John Flavel (1627-1691) was a 17th-century Puritan minister and author. One of his books was titled, “A Saint Indeed, or The Great Work of a Christian in Keeping the Heart in the Several Conditions of Life.” Over the years, this long title has often been shortened to “Keeping the Heart.”
I recently finished a modern update of Keeping the Heart, and I want to provide a brief summary of some of Flavel’s Biblical teaching in this practical book on the Christian life.
What does keeping the heart mean?
So, what does it mean to “keep your heart?” The central verse for the book is found in Proverbs 4:23: “Keep your heart with all vigilance, for from it flow the springs of life.”
Although the heart can sometimes represent different aspects of our inner life, such as our feelings or thoughts, Flavel says that the heart here is the whole soul or inner being.
In one sense, keeping the heart is a daily activity that most modern Christians are already familiar with. It involves disciplines such as praying, searching out sin, repenting, meditating, and worshiping. However, it is also something that we almost universally struggle to do consistently throughout our lives. One of Flavel’s main goals is to stress just how important it is to keep our hearts in tune with God. It gives glory to God, adorns the Gospel, and results in a life of grace and power.
Our work but God’s power
Flavel is quick to point out that although we have a duty to keep our hearts, we are not sufficient in our own strength to do so. First, it requires that we have regenerated hearts through faith in Christ. But it also requires a humble dependence on God to give life and fruit to our times of prayer and worship:
Seasons of life
The main part of the book looks at specific seasons of life where you have to pay special attention to keep the heart. These seasons, such as persecution or sickness, each have associated difficulties and temptations.
Flavel covers the following twelve seasons:
- A Season of Prosperity
- A Season of Adversity
- A Season of Church Troubles
- A Season of Fear
- A Season of Need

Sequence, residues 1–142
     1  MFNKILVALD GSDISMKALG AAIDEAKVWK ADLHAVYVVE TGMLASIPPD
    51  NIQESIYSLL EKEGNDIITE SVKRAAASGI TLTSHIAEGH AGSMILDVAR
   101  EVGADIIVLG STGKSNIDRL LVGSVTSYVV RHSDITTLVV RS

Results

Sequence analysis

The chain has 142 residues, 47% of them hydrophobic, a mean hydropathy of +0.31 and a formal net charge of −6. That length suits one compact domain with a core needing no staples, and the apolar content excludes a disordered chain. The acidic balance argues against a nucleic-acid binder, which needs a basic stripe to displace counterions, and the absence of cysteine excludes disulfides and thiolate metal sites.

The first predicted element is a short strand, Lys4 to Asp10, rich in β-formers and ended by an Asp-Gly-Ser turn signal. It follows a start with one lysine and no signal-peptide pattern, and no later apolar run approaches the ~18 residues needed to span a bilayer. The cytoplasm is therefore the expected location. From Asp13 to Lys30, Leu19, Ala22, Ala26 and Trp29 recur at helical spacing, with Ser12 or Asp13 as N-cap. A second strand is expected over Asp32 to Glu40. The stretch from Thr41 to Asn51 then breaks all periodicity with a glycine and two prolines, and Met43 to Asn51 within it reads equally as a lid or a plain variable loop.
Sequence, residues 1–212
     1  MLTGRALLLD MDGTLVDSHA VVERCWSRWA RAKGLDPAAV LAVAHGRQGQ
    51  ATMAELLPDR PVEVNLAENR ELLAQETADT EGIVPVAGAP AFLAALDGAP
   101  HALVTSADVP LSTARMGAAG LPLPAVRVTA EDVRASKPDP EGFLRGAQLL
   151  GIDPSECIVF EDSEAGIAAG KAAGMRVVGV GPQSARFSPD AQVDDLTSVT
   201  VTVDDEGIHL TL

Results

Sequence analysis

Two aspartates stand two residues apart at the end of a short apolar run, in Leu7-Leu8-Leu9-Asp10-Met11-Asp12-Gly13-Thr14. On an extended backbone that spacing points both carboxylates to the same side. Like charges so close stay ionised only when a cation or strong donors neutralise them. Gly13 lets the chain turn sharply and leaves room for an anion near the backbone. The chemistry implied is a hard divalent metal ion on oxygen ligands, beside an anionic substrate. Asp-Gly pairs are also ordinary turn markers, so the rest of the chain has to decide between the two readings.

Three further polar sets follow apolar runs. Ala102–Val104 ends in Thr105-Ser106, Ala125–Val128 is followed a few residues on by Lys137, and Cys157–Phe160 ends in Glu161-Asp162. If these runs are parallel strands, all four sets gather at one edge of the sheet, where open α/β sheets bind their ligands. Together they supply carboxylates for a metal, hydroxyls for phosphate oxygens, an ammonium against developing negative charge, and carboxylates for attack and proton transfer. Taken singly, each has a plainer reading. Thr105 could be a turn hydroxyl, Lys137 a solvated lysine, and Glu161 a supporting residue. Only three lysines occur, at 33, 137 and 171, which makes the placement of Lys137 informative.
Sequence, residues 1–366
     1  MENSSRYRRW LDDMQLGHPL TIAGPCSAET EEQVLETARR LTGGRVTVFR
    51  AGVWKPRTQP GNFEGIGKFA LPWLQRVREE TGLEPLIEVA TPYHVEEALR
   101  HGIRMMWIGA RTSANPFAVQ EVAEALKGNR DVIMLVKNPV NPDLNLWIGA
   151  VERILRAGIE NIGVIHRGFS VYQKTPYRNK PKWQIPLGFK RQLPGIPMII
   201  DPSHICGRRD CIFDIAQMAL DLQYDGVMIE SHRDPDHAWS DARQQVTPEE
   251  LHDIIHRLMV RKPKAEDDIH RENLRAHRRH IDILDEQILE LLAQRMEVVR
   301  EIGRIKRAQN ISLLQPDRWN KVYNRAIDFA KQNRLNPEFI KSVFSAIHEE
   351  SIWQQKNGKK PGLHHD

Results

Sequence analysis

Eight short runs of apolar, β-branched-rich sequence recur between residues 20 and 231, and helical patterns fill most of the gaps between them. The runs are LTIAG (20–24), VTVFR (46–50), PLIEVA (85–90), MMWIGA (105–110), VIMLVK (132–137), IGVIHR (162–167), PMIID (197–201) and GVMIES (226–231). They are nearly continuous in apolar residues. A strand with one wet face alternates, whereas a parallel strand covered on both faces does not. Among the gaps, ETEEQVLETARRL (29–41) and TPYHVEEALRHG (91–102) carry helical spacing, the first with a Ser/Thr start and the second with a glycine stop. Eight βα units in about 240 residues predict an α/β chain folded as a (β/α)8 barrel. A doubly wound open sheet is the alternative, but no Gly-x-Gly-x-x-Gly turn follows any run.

- A Season of Duty
- A Season of Wrongs
- A Season of Anger
- A Season of Temptation
- A Season of Doubt
- A Season of Persecution
- A Season of Sickness
He does an excellent job of applying the truths of Scripture to each of these seasons to show how we can guard and comfort our hearts. As with most Puritan writers, he often directs the reader to the Sovereignty of God combined with his great love for us.
If you scan the list above, you might be surprised that a “season of prosperity” is the first one covered. This is what I love about reading books by Christians from different time periods. The danger of prosperity is not a major focus in the Church today (and sometimes it is only presented as a blessing).
One of the most encouraging things about this book is the way that Flavel speaks out of his own pastoral love for of the congregation that he leads. You can see this in the dedication at the beginning of the book where he explains how he came to write and publish it for the benefit of his flock. In that sense, we can be sure that these truths have not just been contemplated in a study, but they have been applied to the circumstances of life for people like you and me.
Keep your heart!
Although dead for centuries, I’d like to think that Flavel would praise God from Heaven if this little book encouraged you to keep your heart closer to God, both glorify Him and to live more victoriously in Christ.